Review Fix Exclusive: Betty Moon Talks ‘Amourphous’

Review Fix gets the talented Betty Moon to answer some questions and learns about the role ballet played in forging her stage persona, her respect for Madonna and how her new album ‘Amourphous’ is unique from all her previous works. Read on as she explains how it all came about, including the story behind her song “Time to Move on.”

Review Fix: How does one go from being a girl who studied ballet to becoming Betty Moon?

Betty Moon: As a ballerina I studied with various teachers who inspired me on so many levels.  One of the most influential teachers was a choreographer and dance teacher named Lindsay Kemp.  He’d worked with David Bowie and came to Toronto with his dance troupe who performed some of the best theatre I’d ever experienced. I had the pleasure of taking his workshop for a summer at The Toronto Dance Theatre.  I believe the creators of Circ De Soleil may have also been inspired by him in the same way.  They went on to become a modern dance circus and I went on to becoming personified as Betty Moon. Ballet gave me a discipline and control as a young dancer that I was able to channel through music.  Betty Moon in some way draws from that while at the same time, allows me to be free from both the regiment and the confinement of ballet. I’ve always been slightly rebellious.  Rock N Roll was the antithesis of ballet and I was ready to free myself and explore the grounds less trampled.

Review Fix: You once admitted to an audience that you have respect for Madonna. Please elaborate.

Moon: I thought Madonna took the role of Marilyn Monroe, and the ultimate exploitation of blonde bombshell sexuality and fantasy, to a new level.  And most of us enjoyed watching her in the process. She had the right connections, the right team and the right attitude to pursue her blonde ambition with force, drive and she worked extremely hard at it.  She saw the opportunity and she seized it. Long live Madonna.

Review Fix: What does Amourphous mean to you as a work of art?  In what way does it signal where you are in your life and as an artist?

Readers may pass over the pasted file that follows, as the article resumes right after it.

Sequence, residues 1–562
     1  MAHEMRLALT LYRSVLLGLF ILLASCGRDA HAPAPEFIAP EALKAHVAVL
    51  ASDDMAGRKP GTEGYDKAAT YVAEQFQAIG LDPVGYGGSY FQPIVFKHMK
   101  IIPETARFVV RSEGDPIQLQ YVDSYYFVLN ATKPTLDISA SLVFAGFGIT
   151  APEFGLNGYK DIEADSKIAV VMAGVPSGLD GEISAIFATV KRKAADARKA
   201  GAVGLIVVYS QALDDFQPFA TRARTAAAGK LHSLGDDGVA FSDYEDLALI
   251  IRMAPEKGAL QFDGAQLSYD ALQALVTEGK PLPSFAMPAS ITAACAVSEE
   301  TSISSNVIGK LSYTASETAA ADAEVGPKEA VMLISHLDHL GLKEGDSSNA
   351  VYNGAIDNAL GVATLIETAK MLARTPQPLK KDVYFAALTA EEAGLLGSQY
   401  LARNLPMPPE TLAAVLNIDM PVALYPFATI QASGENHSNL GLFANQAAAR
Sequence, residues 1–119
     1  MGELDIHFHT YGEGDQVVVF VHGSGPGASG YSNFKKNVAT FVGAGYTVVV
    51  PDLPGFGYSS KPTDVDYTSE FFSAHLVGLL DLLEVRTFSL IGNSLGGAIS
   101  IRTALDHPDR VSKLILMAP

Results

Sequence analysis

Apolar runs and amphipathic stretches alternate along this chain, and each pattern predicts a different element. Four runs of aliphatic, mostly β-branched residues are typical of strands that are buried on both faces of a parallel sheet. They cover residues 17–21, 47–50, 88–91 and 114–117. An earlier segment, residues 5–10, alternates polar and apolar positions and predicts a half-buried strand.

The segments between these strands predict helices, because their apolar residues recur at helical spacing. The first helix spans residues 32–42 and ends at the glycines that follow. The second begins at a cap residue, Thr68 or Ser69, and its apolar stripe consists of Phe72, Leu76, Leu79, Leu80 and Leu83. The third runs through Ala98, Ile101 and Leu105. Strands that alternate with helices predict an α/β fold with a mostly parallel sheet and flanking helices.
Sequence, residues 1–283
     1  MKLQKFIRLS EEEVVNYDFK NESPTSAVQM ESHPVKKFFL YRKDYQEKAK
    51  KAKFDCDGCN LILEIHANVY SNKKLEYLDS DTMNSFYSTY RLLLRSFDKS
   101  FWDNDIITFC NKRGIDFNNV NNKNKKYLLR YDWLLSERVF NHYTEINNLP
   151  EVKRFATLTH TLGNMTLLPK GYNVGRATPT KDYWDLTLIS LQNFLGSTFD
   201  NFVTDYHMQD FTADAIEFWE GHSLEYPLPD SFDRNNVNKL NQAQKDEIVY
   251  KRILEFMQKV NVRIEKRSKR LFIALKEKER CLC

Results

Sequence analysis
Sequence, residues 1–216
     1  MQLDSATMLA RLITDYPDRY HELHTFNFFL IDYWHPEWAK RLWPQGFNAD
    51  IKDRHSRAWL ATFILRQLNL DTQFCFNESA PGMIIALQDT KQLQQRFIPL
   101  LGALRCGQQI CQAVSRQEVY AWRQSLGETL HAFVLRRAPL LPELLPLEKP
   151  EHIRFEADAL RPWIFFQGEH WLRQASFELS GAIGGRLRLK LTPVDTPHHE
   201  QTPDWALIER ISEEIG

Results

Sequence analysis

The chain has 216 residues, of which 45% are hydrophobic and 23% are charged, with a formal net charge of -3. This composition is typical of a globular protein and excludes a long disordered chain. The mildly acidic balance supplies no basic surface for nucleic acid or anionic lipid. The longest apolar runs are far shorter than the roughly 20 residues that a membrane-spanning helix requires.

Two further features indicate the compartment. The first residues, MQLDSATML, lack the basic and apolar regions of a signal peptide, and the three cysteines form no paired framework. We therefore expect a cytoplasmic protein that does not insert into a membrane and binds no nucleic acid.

Moon: That’s a fantastic question. As many have recognized “Amourphous,” is certainly a departure from my past releases that were more in the hard-rock category.  When I was writing these songs I really focused on conjuring up some of my favorite influences over the years and create a dynamic and intriguing set of tracks. If you listen to “Amourphous” in its entirety you’ll notice the songs blend together, yet none of them sound too similar to each other. Working with our production team and mixers like Chris Lorde-Alge really helped me bring out my best without letting me second guess what I wanted to be my best work ever. As a work of art I think it truly succeeds as I explore a new palette of instruments and musical color.  There’s an underlying mystery about “Amourphous” and when people hear it, it makes them happy.  It’ s a power I hold with the making of my music.

Review Fix: Your song Time to Move On is full of intense lyrics. What inspired you to write it?

Moon: I was in Toronto when I wrote the song.  I kept feeling a need to escape, as I entered what I thought to be my lowest low and chapter in my life. I felt like I was circling the drain with a need to save myself or be saved or just throw in the towel. I could not act quickly but one thing I was certain of was that it was time to move on.  And I did.

Review Fix:
The music business demands tremendous dedication from artists. What advice would you give to those who want to be a part of it?

Moon: I would say most importantly, don’t be a quitter.  You will need to persevere even when you feel you’ve failed.  A lot of people quit just before they reach or accomplish what they set out to. Don’t give up on your dreams and believe in yourself.  If you can become a leader, the followers will flock to you once they see and hear value in your teachings and musical expression as a poet, songwriter and philosopher of sort. If you are a healer then you have even more power than you’d imagined. Look upon your talent but draw upon your human strengths. Hopefully this will resonate with your audience. You also have to look for and find your audience. Something I think I had great difficulty with.

Review Fix: You mentioned that your song Valentine was inspired by Shakespeare. Name a literary character you relate to and why?

Moon: I think I relate to several, but if I had to pick one it might be Lady Macbeth.  I am always washing my hands and I am certainly OCD.

Review Fix: What is next for Betty Moon?

Moon: Working on a new CD for 2015.  My band and I will be heading up the west coast this fall. Then we are venturing towards the north up to my home and native land, Canada to tour, see family and visit friends.

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